Fast Foreword: The Editor's Column, September/October 2006

Dear Readers,

A couple of issues back, we looked at the changing infrastructure in distribution and exhibition--how the digital revolution continues at warp speed, with CEOs of upstarts as YouTube now being feted at the recent media and technology confab in Sun Valley, Idaho.

Television still thrives, but its key players are looking for ways to enhance its presence in the multi-platform mediaverse. Paula Kerger took the helm at PBS in March and is overseeing the dimension-expanding, multi-planar mission of continuing the lives of broadcasts through the ever-expanding range of formats and their ever-expanding capabilities and dynamics. Tamara Krinsky talks to Kerger about how PBS is engaging the media landscape.

As part of the PBS family, the Independent Television Service (ITVS) has served many purposes in its 15 years as a supporter of independent media, through its funding program, its Independent Lens series, its outreach efforts, its international initiatives and its innovative Internet-based endeavors such as Electric Shadows. Sally Jo Fifer, ITVS' president and CEO, and Claire Aguilar, director of programming, sat down with Lily Ng to reflect on their accomplishments over the past decade and a half and their vision for keeping independent media on the radar.

We as a magazine and as an organization have focused a lot of attention on the Academy Awards, with the annual Oscars Reception for the nominees in the documentary categories; DocuDay, the screening of the Oscar-nominated docs; and DocuWeek, the theatrical showcase for qualifying films for Academy Award consideration, the program for which can be found in the middle of this issue.

But there are other awards out there that are arguably as prestigious and noteworthy. The Emmy Awards, of which there are several strands, honor documentary and nonfiction programs in many categories. The Primetime Emmys, which come out of the Los Angeles-based Academy of Television Arts & Sciences (ATAS), have, over the years, added subcategories in individual achievement and have further parsed the distinction among documentary, nonfiction and reality programming. The New York-based National Academy of Television Arts & Sciences (NATAS), which oversees the News & Documentary Emmys as well as the Sports Emmys, introduced this year a significant new category: Achievement in Content for Non-Traditional Delivery Platforms. Andrea Van Hook sorts out the aforementioned awards programs, as well as the International Emmys.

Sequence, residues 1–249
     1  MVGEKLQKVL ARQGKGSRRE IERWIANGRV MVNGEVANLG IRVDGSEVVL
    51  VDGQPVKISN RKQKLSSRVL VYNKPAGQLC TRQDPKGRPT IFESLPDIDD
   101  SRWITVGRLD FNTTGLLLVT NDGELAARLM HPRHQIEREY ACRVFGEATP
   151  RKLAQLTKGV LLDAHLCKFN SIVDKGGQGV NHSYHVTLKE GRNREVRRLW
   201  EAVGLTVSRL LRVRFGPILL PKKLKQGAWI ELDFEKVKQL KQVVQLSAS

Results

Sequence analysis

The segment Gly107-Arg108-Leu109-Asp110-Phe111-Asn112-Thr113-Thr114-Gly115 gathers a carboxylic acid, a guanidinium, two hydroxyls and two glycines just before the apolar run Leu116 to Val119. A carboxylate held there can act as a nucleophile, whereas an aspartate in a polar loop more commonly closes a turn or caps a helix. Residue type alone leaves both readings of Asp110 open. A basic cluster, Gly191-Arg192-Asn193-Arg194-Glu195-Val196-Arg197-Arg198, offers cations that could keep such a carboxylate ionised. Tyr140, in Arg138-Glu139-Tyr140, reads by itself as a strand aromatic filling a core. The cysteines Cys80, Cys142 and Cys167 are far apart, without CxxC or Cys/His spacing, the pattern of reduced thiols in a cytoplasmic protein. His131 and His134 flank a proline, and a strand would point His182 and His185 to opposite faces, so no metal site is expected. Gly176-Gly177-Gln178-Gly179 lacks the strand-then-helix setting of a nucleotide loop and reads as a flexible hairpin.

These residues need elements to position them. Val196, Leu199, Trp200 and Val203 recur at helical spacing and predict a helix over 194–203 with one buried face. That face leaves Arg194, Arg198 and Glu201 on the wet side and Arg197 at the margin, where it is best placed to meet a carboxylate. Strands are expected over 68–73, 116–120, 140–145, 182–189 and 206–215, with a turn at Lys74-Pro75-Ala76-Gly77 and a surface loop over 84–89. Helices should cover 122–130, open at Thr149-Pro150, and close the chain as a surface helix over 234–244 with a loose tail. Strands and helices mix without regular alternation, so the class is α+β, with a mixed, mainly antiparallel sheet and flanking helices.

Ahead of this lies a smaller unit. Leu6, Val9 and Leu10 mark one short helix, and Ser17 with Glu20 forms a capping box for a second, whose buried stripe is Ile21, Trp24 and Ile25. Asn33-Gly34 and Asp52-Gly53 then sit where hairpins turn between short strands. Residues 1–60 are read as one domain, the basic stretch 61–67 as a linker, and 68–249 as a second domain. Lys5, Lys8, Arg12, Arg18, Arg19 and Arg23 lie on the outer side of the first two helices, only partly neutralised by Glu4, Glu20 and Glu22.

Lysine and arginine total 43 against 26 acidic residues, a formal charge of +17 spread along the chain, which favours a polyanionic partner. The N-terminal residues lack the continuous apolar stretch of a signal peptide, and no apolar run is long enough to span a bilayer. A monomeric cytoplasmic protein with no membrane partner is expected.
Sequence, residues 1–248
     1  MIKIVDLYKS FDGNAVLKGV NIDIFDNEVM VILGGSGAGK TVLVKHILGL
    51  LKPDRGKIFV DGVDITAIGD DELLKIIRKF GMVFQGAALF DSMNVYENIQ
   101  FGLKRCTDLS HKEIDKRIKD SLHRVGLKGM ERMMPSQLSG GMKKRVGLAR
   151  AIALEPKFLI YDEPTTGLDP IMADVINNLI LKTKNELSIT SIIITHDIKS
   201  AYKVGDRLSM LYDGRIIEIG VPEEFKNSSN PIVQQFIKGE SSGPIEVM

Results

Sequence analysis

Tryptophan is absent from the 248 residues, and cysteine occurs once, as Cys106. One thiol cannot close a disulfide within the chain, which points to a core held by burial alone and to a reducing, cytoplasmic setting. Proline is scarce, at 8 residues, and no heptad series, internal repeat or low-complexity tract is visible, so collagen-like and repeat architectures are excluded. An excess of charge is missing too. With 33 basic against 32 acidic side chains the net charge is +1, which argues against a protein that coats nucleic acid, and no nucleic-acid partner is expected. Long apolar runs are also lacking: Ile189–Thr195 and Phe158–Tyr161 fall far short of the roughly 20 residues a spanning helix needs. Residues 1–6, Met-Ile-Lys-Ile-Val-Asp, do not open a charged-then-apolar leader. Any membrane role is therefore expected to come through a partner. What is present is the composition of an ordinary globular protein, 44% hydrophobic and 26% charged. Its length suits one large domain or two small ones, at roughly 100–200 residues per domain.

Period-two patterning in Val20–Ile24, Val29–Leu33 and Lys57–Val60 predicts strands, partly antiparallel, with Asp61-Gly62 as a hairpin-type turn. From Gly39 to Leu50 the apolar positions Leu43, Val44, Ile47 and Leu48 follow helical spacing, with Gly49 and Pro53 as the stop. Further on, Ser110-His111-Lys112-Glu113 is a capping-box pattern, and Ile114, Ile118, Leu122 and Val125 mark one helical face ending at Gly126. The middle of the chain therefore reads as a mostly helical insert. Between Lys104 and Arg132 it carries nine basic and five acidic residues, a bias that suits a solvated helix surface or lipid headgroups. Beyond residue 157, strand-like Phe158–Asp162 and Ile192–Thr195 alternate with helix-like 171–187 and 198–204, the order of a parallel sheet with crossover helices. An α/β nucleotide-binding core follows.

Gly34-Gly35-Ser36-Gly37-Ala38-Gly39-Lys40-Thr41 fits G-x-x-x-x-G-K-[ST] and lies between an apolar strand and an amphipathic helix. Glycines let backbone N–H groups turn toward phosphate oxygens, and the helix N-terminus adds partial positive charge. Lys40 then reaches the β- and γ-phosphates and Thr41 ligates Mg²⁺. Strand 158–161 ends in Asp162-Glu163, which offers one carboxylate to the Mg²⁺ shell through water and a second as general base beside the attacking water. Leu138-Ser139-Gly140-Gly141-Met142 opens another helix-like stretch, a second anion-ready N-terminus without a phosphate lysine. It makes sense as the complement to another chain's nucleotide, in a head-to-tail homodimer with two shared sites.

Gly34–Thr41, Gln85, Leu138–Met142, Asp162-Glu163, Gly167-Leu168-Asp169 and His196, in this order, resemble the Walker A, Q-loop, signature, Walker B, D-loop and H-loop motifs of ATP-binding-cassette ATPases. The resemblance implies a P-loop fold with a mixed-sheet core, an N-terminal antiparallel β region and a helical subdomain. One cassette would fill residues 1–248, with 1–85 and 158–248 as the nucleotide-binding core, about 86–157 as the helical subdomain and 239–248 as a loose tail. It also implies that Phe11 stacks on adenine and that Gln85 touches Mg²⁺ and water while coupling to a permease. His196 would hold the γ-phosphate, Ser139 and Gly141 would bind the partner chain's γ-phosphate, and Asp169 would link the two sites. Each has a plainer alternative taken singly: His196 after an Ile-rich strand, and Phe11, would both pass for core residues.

With a shared history that predates television, both the George Foster Peabody Awards and the Alfred I. DuPont-Columbia University Awards--launched in 1941 and 1942, respectively--have honored excellence in broadcast journalism, with a plethora of the greatest documentaries to have graced the airwaves having been cited over the years. Ron Sutton talks to representatives from both programs about how they've figured in the history of the television medium.

 

Yours in actuality,

Thomas White
Editor

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